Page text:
Manhattan Donnie Von Moore had to laugh when informed Kansas University basketball fans chanted "DUI, DUI," at Kansas State coach Bob Huggins during the Sunflower Showdown 12 days ago at Allen Fieldhouse.
"It takes the good-hearted fans to get the rivalry going again?" former Jayhawk power forward Von Moore cracked.
While proud of KU's current 23-game winning streak in Manhattan, Von Moore welcomes Huggins' arrival and a renewal of what once was a heated KU-KSU rivalry.
It was heated partly because of the fans.
"When I think of playing at K-State, I think of the banana incident," said Von Moore, boys basketball coach at Chicago's Tilden High.
The 6-foot-9, 230-pounder had a bunch of bananas tossed in his direction during pregame introductions prior to the Jayhawks' 75-63 victory over the Wildcats on Feb. 11, 1978, at old Ahearn Fieldhouse.
"It was like the whole damn town bought bananas and brought them to the game," Von Moore said.
"They covered the floor in a nationally televised game. It took an hour to clean that floor, there were so many. It was like everybody in the stands had bananas."
It was in response to KU fans flipping a handful of hot dogs onto the court at a K-State player before the Jayhawks' 56-52 victory over the Wildcats a few weeks earlier at Allen Fieldhouse.
"It all started when our fans threw hot dogs out there when they introduced Redding. I think that was his name," Von Moore said, correctly identifying flashy KSU guard Curtis Redding.
"It was a big deal. When we went down there (for the rematch), we heard what they were going to do. We heard they were going to throw stuff at us. Instead of going onto the court, we all went down and shook coach Hartman's hand when we were introduced. We figured out it'd be safer to go stand by him," Von Moore added of legendary coach Jack Hartman.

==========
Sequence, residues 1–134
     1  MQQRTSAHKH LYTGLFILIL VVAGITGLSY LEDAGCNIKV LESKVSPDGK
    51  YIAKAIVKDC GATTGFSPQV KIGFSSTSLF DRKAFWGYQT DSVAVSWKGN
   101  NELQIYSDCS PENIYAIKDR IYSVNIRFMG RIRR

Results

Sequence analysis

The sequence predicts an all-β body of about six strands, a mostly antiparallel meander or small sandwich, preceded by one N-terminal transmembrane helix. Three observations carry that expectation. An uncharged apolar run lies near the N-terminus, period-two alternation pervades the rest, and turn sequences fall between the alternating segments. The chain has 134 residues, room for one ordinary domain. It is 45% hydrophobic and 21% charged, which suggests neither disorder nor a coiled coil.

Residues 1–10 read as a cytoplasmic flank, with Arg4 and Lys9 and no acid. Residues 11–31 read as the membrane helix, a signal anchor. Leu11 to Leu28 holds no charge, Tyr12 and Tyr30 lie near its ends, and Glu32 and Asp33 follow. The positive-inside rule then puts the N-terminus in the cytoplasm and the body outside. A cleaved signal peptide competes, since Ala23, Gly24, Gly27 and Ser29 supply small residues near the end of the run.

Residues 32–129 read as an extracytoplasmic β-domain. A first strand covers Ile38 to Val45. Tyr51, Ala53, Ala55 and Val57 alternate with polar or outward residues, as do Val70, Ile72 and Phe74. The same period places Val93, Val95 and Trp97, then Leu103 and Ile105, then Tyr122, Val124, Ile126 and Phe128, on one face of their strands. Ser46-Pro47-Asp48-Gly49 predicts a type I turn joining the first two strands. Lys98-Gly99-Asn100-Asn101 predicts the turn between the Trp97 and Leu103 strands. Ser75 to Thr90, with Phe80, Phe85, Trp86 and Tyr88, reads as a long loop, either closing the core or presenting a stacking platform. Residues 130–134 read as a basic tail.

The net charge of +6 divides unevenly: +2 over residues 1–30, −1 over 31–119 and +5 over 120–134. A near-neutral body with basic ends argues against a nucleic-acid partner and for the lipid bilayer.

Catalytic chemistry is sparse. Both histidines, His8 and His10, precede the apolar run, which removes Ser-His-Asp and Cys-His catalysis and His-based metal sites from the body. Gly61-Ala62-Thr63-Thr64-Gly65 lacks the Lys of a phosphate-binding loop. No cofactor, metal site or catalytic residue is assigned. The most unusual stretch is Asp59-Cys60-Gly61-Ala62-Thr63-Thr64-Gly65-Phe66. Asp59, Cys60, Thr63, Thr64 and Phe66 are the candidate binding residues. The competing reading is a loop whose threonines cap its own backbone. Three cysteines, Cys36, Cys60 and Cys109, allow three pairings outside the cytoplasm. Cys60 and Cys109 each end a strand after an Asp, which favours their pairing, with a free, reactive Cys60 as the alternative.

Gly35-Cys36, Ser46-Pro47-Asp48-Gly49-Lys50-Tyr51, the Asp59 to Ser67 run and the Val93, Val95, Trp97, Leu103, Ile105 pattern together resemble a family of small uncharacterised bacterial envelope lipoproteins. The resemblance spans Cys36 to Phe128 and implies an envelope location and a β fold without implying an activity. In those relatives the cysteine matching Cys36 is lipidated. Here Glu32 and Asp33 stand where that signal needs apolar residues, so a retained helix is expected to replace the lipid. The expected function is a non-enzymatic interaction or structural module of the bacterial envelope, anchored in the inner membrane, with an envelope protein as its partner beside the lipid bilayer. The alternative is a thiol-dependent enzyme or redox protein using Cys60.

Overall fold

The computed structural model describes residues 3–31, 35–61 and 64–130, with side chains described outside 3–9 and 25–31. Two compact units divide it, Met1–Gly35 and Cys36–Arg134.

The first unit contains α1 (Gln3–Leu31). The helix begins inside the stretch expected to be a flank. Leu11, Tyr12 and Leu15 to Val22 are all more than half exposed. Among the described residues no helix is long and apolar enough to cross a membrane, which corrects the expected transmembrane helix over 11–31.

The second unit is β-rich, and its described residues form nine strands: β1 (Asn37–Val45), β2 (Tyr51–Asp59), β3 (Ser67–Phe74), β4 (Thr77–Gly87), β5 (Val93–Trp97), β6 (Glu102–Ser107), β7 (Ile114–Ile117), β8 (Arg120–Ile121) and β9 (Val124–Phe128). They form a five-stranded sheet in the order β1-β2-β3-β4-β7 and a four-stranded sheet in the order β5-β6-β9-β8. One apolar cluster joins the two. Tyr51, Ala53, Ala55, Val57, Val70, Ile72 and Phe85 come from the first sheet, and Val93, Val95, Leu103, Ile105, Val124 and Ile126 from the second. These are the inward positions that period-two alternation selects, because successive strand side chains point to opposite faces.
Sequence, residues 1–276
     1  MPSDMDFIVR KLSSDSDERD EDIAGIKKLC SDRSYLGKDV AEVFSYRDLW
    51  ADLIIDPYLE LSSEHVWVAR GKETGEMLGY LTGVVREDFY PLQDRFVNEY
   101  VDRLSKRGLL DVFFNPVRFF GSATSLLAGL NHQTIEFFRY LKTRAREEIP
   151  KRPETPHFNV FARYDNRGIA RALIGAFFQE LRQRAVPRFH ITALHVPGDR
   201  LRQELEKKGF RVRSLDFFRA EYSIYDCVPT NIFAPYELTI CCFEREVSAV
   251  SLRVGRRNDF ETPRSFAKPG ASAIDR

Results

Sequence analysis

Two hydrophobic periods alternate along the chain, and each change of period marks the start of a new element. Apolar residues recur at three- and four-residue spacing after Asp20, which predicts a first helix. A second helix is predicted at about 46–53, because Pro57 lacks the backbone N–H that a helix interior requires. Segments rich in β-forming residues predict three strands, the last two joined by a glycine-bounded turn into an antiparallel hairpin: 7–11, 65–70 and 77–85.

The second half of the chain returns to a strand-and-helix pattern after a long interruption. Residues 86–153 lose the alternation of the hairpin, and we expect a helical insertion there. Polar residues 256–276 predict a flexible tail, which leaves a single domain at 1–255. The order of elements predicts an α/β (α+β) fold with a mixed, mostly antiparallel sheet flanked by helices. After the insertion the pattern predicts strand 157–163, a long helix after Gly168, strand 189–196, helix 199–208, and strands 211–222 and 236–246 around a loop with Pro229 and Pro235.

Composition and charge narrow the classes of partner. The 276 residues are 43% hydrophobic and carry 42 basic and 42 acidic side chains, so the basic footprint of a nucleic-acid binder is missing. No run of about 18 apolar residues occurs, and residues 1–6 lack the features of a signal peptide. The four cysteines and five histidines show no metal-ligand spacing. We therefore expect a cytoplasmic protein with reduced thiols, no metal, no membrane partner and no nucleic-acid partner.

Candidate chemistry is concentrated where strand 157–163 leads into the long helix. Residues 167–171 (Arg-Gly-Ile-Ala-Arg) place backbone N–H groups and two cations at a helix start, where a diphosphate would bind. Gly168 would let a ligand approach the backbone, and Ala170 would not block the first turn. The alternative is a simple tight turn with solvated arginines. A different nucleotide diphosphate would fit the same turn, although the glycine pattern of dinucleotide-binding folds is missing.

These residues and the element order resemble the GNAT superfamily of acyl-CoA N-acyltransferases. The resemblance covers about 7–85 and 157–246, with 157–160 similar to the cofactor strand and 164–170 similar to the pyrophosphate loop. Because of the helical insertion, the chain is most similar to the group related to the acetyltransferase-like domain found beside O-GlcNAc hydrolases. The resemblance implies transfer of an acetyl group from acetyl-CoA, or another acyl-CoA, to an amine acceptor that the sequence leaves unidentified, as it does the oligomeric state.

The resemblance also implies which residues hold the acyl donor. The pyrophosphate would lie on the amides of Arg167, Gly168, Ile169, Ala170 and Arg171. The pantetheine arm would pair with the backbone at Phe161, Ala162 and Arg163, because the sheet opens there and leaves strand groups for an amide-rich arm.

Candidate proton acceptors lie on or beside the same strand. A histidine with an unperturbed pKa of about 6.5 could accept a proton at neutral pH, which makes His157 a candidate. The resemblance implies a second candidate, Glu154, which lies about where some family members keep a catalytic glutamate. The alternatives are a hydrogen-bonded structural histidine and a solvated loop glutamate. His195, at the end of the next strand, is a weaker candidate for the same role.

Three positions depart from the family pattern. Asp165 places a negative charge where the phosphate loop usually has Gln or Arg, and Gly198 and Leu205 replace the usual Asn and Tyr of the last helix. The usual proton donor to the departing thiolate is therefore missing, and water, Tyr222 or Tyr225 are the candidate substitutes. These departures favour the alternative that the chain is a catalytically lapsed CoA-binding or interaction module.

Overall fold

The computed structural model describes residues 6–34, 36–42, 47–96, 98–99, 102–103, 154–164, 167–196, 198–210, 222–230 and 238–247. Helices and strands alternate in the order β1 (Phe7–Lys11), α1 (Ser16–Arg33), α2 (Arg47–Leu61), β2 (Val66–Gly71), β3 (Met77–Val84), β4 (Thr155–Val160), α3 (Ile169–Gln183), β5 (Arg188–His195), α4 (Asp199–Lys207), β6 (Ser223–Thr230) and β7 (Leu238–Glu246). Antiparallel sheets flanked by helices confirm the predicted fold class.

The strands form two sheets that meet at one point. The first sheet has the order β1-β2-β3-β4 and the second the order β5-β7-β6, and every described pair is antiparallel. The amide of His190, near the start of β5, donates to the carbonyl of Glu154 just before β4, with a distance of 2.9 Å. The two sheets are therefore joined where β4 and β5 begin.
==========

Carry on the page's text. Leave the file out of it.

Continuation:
Of course, the bananas aimed at Von Moore were no laughing matter.
"It ticked us off," Von Moore said, "because at first we thought it had some racial connotations. They were basically calling us gorillas. Later they said we threw hot dogs so they threw bananas. It's just food. We beat them, so that's what mattered."
Von Moore, who played at KU from 1974-78, pointed out the KU-KSU games were much bigger than the KU-Missouri games at that time.
"It's because the fans hated each other so much," Von Moore said of games between "Snob Hill" and "Silo Tech."
"It was a rivalry where I guess they were depicted as these farm, country, backwoods types, and we were considered the snobs, I guess, because we were close to Kansas City. KU was the snobby part of the state. K-State was the agricultural school. They actually had a farm on their campus. It was the big thing with the two groups. With Missouri, it went all the way back to the damn war.
"But people didn't sleep out for Missouri. They camped for K-State for days."
Von Moore said as a proud alumnus who still follows the Jayhawks, he welcomes the return of a strong hoops rivalry with K-State.
"I don't care about 'The Streak,''' he said. "I just want them (Jayhawks) to play well and mature. These kind of games do it because there is a rivalry, a lot of pressure in these games.
"Twenty three in a row is a serious accomplishment considering the rivalry. But K-State hasn't been that good lately. They've been a better football team than basketball for a while now."
Von Moore said he catches as many KU games as he can on TV and closely follows freshman Sherron Collins, who played basketball at Crane High, which is in the Chicago Public League with Tilden.
"One of my freshman coaches is a good friend of Sherron," Von Moore said. "He is big news here. He is coming on strong. He plays baseball real well, too. He threw a no-hitter against Tilden his senior year."
Of another fellow Chicagoan, Von Moore said he noticed a similarity in his and Julian Wright's physique - long arms.
"Yes, but we didn't play that type of game," Von Moore said of a fast-paced attack, indicating Wright was great on the break.
"KU is really good, man, but they are still young," he added, noting Collins is a freshman, Wright a sophomore. "Hopefully, when they get to the NCAA Tournament, they'll have some luck. It seems they make rookie mistakes when they are in close games. You get older, those mistakes are limited. Hopefully the luck is with them because that's what it takes a lot of times."